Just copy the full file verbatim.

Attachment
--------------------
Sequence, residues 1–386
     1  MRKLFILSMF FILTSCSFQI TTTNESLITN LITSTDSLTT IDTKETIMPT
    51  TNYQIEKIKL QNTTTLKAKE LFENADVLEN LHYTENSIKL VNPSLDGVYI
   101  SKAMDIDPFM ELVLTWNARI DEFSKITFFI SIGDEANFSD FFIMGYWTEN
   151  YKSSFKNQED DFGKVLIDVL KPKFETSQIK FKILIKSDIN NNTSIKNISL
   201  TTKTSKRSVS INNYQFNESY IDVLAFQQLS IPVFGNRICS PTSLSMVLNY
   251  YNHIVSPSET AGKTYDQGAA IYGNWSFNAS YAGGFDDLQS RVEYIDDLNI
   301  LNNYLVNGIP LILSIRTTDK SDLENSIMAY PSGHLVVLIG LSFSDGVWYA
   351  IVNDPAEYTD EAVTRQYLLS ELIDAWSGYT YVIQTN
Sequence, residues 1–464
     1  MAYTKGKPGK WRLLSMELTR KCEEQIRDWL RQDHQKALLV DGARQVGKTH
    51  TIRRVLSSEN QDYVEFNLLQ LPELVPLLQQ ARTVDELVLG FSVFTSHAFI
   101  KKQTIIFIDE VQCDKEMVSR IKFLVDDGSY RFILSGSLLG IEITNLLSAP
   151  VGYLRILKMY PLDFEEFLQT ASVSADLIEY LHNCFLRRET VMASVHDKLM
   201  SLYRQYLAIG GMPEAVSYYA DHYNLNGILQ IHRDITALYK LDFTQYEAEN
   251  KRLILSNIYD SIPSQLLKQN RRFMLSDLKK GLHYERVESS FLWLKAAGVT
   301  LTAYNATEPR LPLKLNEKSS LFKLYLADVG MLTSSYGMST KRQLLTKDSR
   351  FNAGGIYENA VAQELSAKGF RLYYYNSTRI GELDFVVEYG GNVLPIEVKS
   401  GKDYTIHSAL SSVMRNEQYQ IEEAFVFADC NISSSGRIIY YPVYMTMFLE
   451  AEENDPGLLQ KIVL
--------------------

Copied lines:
Sequence, residues 1–386
     1  MRKLFILSMF FILTSCSFQI TTTNESLITN LITSTDSLTT IDTKETIMPT
    51  TNYQIEKIKL QNTTTLKAKE LFENADVLEN LHYTENSIKL VNPSLDGVYI
   101  SKAMDIDPFM ELVLTWNARI DEFSKITFFI SIGDEANFSD FFIMGYWTEN
   151  YKSSFKNQED DFGKVLIDVL KPKFETSQIK FKILIKSDIN NNTSIKNISL
   201  TTKTSKRSVS INNYQFNESY IDVLAFQQLS IPVFGNRICS PTSLSMVLNY
   251  YNHIVSPSET AGKTYDQGAA IYGNWSFNAS YAGGFDDLQS RVEYIDDLNI
   301  LNNYLVNGIP LILSIRTTDK SDLENSIMAY PSGHLVVLIG LSFSDGVWYA
   351  IVNDPAEYTD EAVTRQYLLS ELIDAWSGYT YVIQTN
Sequence, residues 1–464
     1  MAYTKGKPGK WRLLSMELTR KCEEQIRDWL RQDHQKALLV DGARQVGKTH
    51  TIRRVLSSEN QDYVEFNLLQ LPELVPLLQQ ARTVDELVLG FSVFTSHAFI
   101  KKQTIIFIDE VQCDKEMVSR IKFLVDDGSY RFILSGSLLG IEITNLLSAP
   151  VGYLRILKMY PLDFEEFLQT ASVSADLIEY LHNCFLRRET VMASVHDKLM
   201  SLYRQYLAIG GMPEAVSYYA DHYNLNGILQ IHRDITALYK LDFTQYEAEN
   251  KRLILSNIYD SIPSQLLKQN RRFMLSDLKK GLHYERVESS FLWLKAAGVT
   301  LTAYNATEPR LPLKLNEKSS LFKLYLADVG MLTSSYGMST KRQLLTKDSR
   351  FNAGGIYENA VAQELSAKGF RLYYYNSTRI GELDFVVEYG GNVLPIEVKS
   401  GKDYTIHSAL SSVMRNEQYQ IEEAFVFADC NISSSGRIIY YPVYMTMFLE
   451  AEENDPGLLQ KIVL